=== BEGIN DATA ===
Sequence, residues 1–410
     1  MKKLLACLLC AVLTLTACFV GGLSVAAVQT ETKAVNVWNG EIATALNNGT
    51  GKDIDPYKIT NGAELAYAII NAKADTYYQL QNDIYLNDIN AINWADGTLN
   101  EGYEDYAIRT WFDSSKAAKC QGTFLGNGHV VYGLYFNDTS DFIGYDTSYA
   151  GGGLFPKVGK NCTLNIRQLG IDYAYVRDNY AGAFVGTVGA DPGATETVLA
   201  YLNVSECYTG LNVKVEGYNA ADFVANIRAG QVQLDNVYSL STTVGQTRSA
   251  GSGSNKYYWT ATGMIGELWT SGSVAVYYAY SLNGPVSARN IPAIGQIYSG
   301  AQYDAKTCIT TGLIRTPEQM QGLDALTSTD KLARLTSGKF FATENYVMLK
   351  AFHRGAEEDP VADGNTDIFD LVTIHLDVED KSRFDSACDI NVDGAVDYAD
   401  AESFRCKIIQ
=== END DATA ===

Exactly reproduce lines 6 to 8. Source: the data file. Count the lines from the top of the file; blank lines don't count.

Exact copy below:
   201  YLNVSECYTG LNVKVEGYNA ADFVANIRAG QVQLDNVYSL STTVGQTRSA
   251  GSGSNKYYWT ATGMIGELWT SGSVAVYYAY SLNGPVSARN IPAIGQIYSG
   301  AQYDAKTCIT TGLIRTPEQM QGLDALTSTD KLARLTSGKF FATENYVMLK